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Sclerostin Antibody Increases Bone Volume and Enhances Implant Fixation in a Rat Model
Amarjit S. Virdi, PhD1; Min Liu, PhD2; Kotaro Sena, DDS, PhD1; James Maletich, BS1; Margaret McNulty, PhD1; Hua Zhu Ke, MD2; Dale R. Sumner, PhD1
1 Department of Anatomy and Cell Biology, Rush Medical College, Rush University Medical Center, 600 South Paulina Street, Room 507, AcFac, Chicago, IL 60612. E-mail address for D.R. Sumner: rick_sumner@rush.edu
2 Metabolic Disorders Research, Mail Stop 29-M-B, Amgen, One Amgen Center Drive, Thousand Oaks, CA 91320
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Investigation performed at the Department of Anatomy and Cell Biology, Rush University Medical Center, Chicago, Illinois

Disclosure: One or more of the authors received payments or services, either directly or indirectly (i.e., via his or her institution), from a third party in support of an aspect of this work. In addition, one or more of the authors, or his or her institution, has had a financial relationship, in the thirty-six months prior to submission of this work, with an entity in the biomedical arena that could be perceived to influence or have the potential to influence what is written in this work. No author has had any other relationships, or has engaged in any other activities, that could be perceived to influence or have the potential to influence what is written in this work. The complete Disclosures of Potential Conflicts of Interest submitted by authors are always provided with the online version of the article.

Copyright © 2012 by The Journal of Bone and Joint Surgery, Inc.
J Bone Joint Surg Am, 2012 Sep 19;94(18):1670-1680. doi: 10.2106/JBJS.K.00344
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Previous studies have demonstrated that sclerostin blockade is anabolic for bone. This study examined whether systemic administration of sclerostin antibody would increase implant fixation and peri-implant bone volume in a rat model.


Titanium cylinders were placed in the femoral medullary canal of ninety male Sprague-Dawley rats. One-half of the rats (n = 45) received murine sclerostin antibody (Scl-Ab, 25 mg/kg, twice weekly) and the other one-half (n = 45) received saline solution. Equal numbers of rats from both groups were sacrificed at two, four, or eight weeks after the implant surgery and the femora were examined by microcomputed tomography, mechanical pull-out testing, and histology.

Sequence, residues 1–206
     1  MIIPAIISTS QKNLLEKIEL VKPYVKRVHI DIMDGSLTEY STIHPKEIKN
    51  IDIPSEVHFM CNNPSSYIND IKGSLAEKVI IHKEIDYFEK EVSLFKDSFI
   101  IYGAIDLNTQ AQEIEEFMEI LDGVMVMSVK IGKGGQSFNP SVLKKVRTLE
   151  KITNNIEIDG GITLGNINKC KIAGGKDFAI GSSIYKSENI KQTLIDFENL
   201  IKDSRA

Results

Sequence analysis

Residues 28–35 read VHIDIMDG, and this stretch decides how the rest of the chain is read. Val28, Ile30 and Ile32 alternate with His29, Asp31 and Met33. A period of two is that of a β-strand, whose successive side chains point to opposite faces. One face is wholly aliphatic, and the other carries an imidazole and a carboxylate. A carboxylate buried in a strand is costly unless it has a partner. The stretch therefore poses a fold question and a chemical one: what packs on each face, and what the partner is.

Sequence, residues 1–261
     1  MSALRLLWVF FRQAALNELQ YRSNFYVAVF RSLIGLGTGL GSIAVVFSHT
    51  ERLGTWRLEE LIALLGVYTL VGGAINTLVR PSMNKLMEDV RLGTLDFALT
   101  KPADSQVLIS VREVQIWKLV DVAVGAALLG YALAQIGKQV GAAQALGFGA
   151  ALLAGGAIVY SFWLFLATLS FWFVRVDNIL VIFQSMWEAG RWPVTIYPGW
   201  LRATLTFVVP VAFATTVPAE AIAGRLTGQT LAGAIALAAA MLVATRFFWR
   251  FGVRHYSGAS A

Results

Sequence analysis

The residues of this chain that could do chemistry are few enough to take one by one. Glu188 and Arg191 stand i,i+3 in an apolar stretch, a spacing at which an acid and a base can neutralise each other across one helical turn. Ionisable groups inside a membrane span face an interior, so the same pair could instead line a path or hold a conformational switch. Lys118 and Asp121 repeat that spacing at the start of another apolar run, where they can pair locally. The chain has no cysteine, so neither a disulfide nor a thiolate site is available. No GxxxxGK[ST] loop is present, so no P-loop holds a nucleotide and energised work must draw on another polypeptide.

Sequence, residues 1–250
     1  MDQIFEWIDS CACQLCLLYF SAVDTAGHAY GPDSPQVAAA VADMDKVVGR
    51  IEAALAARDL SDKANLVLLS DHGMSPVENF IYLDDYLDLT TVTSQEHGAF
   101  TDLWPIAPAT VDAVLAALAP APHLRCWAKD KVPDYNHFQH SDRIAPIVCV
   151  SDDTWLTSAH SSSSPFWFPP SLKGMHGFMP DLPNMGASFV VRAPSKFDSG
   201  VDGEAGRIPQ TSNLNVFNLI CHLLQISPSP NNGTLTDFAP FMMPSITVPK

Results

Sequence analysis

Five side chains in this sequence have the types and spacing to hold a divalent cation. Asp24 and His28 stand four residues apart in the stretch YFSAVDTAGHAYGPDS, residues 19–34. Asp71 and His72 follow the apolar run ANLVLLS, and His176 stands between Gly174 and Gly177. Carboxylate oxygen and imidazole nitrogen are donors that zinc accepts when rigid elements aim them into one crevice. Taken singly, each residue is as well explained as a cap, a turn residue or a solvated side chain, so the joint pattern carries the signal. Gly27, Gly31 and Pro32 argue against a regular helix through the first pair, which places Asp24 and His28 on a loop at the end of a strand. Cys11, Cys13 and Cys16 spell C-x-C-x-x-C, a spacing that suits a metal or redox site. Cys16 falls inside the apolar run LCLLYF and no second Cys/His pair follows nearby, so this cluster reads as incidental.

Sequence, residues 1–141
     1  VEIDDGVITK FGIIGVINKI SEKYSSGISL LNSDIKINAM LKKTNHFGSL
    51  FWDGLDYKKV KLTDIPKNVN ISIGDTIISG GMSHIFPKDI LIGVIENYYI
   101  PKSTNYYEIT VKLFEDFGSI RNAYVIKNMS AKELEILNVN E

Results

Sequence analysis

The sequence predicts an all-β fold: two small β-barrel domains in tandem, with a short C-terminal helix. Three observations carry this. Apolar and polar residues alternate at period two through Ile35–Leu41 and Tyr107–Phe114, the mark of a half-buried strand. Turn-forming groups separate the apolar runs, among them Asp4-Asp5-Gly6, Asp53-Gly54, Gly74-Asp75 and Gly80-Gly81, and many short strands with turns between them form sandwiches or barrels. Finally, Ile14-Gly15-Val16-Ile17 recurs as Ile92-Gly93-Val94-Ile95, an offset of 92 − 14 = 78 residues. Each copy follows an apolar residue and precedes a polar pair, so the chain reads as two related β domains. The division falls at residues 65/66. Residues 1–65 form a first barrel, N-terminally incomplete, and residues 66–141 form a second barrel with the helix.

Fixation strength in the two groups was similar at two weeks but was 1.9-fold greater at four weeks (p = 0.024) and 2.2-fold greater at eight weeks (p < 0.001) in the rats treated with sclerostin antibody. At two weeks, antibody treatment led to increased cortical area, with later increases in cortical thickness and total cross-sectional area. Significant differences in peri-implant trabecular bone were not evident until eight weeks but included increased bone volume per total volume, bone structure that was more plate-like, and increased trabecular thickness and number. Changes in bone architecture in the intact contralateral femur tended to precede the peri-implant changes. The peri-implant bone properties accounted for 61% of the variance in implant fixation strength, 32% of the variance in stiffness, and 63% of the variance in energy to failure. The implant fixation strength at four weeks was approximately equivalent to the strength in the control group at eight weeks.


Sclerostin antibody treatment accelerated and enhanced mechanical fixation of medullary implants in a rat model by increasing both cortical and trabecular bone volume.

Clinical Relevance: 

Sclerostin antibody treatment may be useful for improving implant fixation.

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    These activities have been planned and implemented in accordance with the Essential Areas and policies of the Accreditation Council for Continuing Medical Education (ACCME) through the joint sponsorship of the American Academy of Orthopaedic Surgeons and The Journal of Bone and Joint Surgery, Inc. The American Academy of Orthopaedic Surgeons is accredited by the ACCME to provide continuing medical education for physicians.
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